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Highlights of Brazil and the West Indies

Escape winter and enjoy a six-week sailing to Brazil and the West Indies

No Fly Cruise
42 nights

Mid size Ship Holiday
Rio de Janeiro, Brazil

Call us now on 01756 706500 to secure your cabin!

AB

Exclusive Blue Water savings of £1570pp PLUS extra 10% discount! T&Cs apply.

Highlights of Brazil and the West Indies Special Offer

This amazing-value 6-week voyage escapes the UK winter with a relaxing itinerary to capture the vibrancy of Brazil, the very best of Portugal, as well as visits to the sun-kissed Caribbean paradise islands of Tobago, Grenada and Barbados.

Cruise from London Tilbury to Portugal and the garden isle of Madeira before arriving in Brazil. Rio de Janeiro offers the opportunity to ride the Sugarloaf Mountain cable car, and Salvador is considered one of the birthplaces of Brazilian culture.

Barbados’ beating heart, Bridgetown, is arguably the most idyllic spot in the Caribbean. Enjoy the effortless rhythm of this capital city turned UNESCO World Heritage-listed site. Head for home, and call at Ponta Delgada in the Azores, dotted like jewels in the Atlantic, world-famous for their lush and dramatic landscapes.

AB130 Operated by Ambassador Cruise Line

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Amazon & West Indies Adventure Itinerary

Day 1 - Tilbury

Just 22 nautical miles down river from the Tower Bridge in London, Tilbury is a popular turnaround port for cruises visiting Baltic and Northern European destinations.

Day 2 - Rotterdam

Rotterdam is a city that's a long way removed from most people's stereotypical notion of the Netherlands. There are few, if any, canals to be found here nor are there any quaint windmills. There is, however, a thriving modern city which is one of the busiest ports in the entire world.

Day 5 - Leixões

Ever since the Romans constructed a fort here and began using it as a trading post, Oporto has been a prosperous commercial centre. In the 15th and 16th centuries the city benefited from the wealth generated by Portugal’s maritime discoveries, and later, the establishment of a lucrative wine trade with Britain compensated for the loss of the spice trade. Today, Portugal’s second-largest city is a thriving, cosmopolitan place and is famous for its production of the fortified, sweet 'port' wine. Its historic centre is a UNESCO World Heritage Site and the city was also awarded the status of European Capital of Culture in 2001. A large sandbar prevents ships from sailing into Oporto itself, so for over a century they have used nearby Leixões instead, a man-made seaport constructed nine miles from the city. Leixões is one of Portugal's major sea ports and is also home to one of the country's oldest football clubs, winners of the Taça de Portugal cup in 1961.

Day 7 - Funchal (Madeira)

Formed by a volcanic eruption, Madeira lies in the Gulf Stream, about 500 miles due west of Casablanca. Discovered by Portuguese explorer João Gonçalves Zarco in 1419, this beautiful island became part of Portugal’s vast empire and was named for the dense forest which cloaked it - 'Madeira' means 'wood' in Portuguese. Sugar plantations first brought wealth here, and when King Charles II of England granted an exclusive franchise to sell wine to England and its colonies, many British emigrants were drawn to the capital, Funchal. Today’s travellers come to Madeira for the varied and luxuriant scenery, from mountain slopes covered with vines to picturesque villages and a profusion of wild flowers. The natural beauty of the island has earned it many pseudonyms such as ‘The Floating Garden of the Atlantic’, 'The Island of Eternal Springtime' and ‘God’s Botanical Gardens’ and our selection of excursions aim to show you why.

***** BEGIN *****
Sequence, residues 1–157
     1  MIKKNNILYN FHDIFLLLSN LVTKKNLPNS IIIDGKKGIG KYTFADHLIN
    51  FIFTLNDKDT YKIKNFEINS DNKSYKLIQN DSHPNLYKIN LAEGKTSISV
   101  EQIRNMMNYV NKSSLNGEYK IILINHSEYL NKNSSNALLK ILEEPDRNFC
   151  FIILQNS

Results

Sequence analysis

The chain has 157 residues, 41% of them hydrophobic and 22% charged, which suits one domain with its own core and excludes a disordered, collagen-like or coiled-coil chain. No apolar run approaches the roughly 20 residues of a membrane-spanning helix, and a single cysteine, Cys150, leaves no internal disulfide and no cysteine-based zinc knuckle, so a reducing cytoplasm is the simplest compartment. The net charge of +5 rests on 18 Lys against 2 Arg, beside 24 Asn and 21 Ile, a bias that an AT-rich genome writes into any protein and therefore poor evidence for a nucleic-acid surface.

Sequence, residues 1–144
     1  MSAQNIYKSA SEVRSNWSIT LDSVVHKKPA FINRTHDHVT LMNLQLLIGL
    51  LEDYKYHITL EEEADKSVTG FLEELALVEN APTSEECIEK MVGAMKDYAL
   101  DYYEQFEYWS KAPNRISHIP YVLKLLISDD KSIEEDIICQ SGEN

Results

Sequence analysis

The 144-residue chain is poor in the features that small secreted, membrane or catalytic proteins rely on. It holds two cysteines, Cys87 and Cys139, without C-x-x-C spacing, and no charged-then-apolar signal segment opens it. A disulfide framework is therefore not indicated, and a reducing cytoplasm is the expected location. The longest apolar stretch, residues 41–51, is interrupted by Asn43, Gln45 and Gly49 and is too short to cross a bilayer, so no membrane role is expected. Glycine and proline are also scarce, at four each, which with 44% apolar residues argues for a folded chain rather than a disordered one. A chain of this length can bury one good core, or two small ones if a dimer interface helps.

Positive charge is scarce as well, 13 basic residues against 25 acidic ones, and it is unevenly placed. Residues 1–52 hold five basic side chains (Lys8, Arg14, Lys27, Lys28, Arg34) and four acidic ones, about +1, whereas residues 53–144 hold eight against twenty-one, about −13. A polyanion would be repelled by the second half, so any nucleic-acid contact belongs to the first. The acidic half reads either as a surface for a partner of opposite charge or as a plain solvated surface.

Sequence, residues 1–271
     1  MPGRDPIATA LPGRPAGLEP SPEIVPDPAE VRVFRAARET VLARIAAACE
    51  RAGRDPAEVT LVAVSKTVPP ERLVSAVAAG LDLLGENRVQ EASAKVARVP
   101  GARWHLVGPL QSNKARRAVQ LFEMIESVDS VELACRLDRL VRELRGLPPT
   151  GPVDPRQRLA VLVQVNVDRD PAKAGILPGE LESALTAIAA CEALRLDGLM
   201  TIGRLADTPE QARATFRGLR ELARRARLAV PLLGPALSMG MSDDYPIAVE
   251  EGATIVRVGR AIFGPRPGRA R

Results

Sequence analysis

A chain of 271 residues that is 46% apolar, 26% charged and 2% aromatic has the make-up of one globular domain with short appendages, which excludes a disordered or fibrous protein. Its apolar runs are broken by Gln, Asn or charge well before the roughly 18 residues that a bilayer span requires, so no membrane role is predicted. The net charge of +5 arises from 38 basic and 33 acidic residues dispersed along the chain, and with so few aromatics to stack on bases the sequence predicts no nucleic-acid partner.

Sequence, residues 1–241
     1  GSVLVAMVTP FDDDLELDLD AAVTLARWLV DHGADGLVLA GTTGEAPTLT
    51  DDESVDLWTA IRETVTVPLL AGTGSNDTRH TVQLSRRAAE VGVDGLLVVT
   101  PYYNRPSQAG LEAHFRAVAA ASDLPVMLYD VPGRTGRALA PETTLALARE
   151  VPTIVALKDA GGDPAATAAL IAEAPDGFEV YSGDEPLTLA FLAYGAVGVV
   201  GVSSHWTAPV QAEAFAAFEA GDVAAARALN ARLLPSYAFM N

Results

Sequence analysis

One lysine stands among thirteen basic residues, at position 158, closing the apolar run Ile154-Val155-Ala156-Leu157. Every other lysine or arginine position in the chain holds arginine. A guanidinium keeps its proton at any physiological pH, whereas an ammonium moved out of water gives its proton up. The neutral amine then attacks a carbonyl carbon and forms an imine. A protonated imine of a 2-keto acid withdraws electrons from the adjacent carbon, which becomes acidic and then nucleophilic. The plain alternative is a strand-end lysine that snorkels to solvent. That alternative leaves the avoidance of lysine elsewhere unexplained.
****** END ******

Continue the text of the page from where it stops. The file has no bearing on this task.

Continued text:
Day 10 - Mindelo, São Vicente Island

Your next stop will be Cape Verde’s cultural capital, Mindelo. Get along with the locals listening to the real morna in the bars of the old town and sipping the local drink, a sugarcane spirit. This island is also known by its British and Portuguese colonial architecture and pastel-coloured houses, the municipal market and the facades of the old Governor’s Palace.

Day 15 - Recife (Brazil)

Day 18 - 19 - Rio de Janiero

Day 22 - Salvador

Day 29 - Scarborough (Trinidad and Tobago)

Together, the islands of Trinidad and Tobago make up a state and as such are an independent member of the British Commonwealth. Located just off the coast of Venezuela, both islands are excellent getaways offering different attractions. While Trinidad pulses with life, the smaller and unspoiled island of Tobago is the place for a restful and relaxing holiday. Most of its appeal lies in the beautiful scenery and the availability of outdoor activities. The tourist area is concentrated on the southwestern end, about six miles from the island’s capital of Scarborough. The recently completed deep water harbor with its new cruise terminal has helped to spruce up the town a bit. Although not warranting an extended visit, Scarborough features interesting Botanic Gardens, a few historical buildings and the well-maintained Fort King George, located above the town. The primary appeal, however, lies without doubt in the great outdoors - swimming, snorkeling, diving, fishing, golfing, playing tennis or simply relaxing on Tobago's glorious beaches.